My Disgusted Response to Mr. McKinley

http://www.nytimes.com/2011/03/09/us/09assault.html?_r=1&hpw

So the gist of this horrid story is that an 11-year-old girl was raped by a 18 guys between the ages of middle-school to 27 in east Texas for hours. That’s it. It’s awful, and that poor girl must have been so scared.

The title of my post is meant for two things: 1. The act itself is disgusting and 2. The way the article was written was fine up until the author chose to include the follow:

Residents in the neighborhood where the abandoned trailer stands — known as the Quarters — said the victim had been visiting various friends there for months. They said she dressed older than her age, wearing makeup and fashions more appropriate to a woman in her 20s. She would hang out with teenage boys at a playground, some said.” 


I really would like to know why the author felt the need to include a paragraph that basically mitigated the disgusting-ness of this crime? Have we not come farther in women’s right? “Oh this poor girl was raped. Well, she dressed like a whore, so she must have been asking for it a little” 


That’s not what the author is saying explicitly, no, never. Let’s break this down though: 


Quote: “Residents in the neighborhood where the abandoned trailers stand — known as the Quarters — said the victim had been visiting various friends there for month.” 


Translation: She went there a lot, who knows WHAT she could have been doing in those empty trailers.


Quote: “They said she dressed older than her age, wearing makeup and fashions more appropriate to a woman in her 20s.” 


Translation: I’m not even sure what to say here…if you dress like you want it, then you want it? Oh yes, of course that makes perfect sense.


Quote: “She would hang out with teenage boys at a playground, some said” 


Translation: Well, she might have been doing it before too. 


I suppose my argument is that the paragraph itself is totally unnecessary and does not serve any purpose in the article except to make the crime seem less disgusting, awful, and grotesque than it actually is. Is there a real difference between this happening to a little girl who dresses in little girl clothes, plays with dolls, and doesn’t even think about sex and a girl who dresses like those she’s seen around her and the women in the media, plays with teenage guys because she likes the attention, and thinks she understands sex, but doesn’t really? The answer is simple — no. We might want to think there’s a difference because one girl is superficially more innocent than the other, but hey, news flash, they are both ELEVEN.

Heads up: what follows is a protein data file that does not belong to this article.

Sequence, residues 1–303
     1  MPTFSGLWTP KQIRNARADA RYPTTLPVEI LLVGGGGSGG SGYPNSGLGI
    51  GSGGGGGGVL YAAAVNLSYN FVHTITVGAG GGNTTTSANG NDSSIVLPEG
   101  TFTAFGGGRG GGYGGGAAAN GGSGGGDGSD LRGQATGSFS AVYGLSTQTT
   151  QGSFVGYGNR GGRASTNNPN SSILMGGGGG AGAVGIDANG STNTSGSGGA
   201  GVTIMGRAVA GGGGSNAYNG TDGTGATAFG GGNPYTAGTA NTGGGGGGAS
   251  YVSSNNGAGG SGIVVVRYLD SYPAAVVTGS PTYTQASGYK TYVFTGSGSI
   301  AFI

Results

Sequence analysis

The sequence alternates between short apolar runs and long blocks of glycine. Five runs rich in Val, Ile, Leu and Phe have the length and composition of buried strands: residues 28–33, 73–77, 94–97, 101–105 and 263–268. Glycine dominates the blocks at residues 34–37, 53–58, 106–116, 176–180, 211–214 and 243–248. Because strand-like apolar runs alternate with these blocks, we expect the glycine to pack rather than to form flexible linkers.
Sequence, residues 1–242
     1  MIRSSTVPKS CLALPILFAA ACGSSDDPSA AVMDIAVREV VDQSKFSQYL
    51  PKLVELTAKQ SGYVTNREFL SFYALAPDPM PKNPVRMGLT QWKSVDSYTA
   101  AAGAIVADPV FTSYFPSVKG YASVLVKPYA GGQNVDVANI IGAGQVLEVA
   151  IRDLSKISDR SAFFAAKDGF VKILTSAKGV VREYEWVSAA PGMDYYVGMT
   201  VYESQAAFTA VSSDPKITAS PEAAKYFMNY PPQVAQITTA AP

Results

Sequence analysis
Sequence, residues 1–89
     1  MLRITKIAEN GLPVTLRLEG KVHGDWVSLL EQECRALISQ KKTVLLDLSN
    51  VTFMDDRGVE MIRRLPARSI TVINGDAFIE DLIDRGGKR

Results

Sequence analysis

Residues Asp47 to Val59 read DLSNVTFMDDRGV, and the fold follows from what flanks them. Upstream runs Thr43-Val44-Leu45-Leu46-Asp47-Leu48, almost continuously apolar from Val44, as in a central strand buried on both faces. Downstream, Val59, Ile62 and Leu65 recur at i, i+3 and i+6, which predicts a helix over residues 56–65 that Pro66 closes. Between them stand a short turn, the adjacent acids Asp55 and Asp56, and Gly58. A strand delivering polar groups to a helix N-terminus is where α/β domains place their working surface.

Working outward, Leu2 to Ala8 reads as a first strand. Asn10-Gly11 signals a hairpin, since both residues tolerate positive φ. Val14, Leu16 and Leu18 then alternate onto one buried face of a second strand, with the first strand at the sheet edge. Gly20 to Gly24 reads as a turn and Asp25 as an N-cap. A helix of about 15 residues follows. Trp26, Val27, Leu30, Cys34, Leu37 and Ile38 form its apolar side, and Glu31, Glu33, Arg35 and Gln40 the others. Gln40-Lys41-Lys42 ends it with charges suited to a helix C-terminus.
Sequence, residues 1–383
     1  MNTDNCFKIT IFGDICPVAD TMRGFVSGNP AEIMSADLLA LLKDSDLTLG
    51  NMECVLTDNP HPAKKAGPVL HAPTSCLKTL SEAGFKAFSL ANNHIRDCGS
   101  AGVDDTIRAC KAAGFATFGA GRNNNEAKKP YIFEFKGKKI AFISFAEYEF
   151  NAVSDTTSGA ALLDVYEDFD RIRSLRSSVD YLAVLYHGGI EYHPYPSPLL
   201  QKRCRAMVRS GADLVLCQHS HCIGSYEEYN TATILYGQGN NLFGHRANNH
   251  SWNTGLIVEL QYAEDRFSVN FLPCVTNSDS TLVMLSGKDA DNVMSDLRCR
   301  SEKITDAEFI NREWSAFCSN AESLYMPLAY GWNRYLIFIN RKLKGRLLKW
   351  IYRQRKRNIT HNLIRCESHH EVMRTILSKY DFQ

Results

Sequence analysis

I don’t know if you’ve seen an eleven year old recently, but I work with teenagers, 15 year olds, and 16 year olds that I would have sworn were 12 and 13. And every day when I drive home, the middle school is letting out, and all the eleven year olds are walking home…they are babies. No matter how much make up you put on them, no matter how skimpy their clothes might be, no matter if they stuff their bras till their boobs are as big as Pamela Andersons (pre-implant removal)…they still look like babies. 


This paragraph is an affront to how far we should have come as a society for women’s sexual rights. Though Mr. McKinley did not make the statements and was just paraphrasing the neighbors words, it’s inclusion in the article was an unnecessary choice that is not only an intolerable insult to this little girl, but feeds into an awful stereotype that women have been fighting against for ages. Just in case you are confused, let me sum it up: no matter what we wear, no matter what kind of make-up we have on, no matter how high the heels we have on are or how short our skirts are…no matter if we blow kisses at you, or dance up on you, no matter WHAT…no means no. 

Honestly — Mr. McKinley and the nytimes editor that let this paragraph get through should be ashamed. As a journalist, you have a responsibility for what you put out there, and as an editor, you have a responsibility for how you let your journalists write. 


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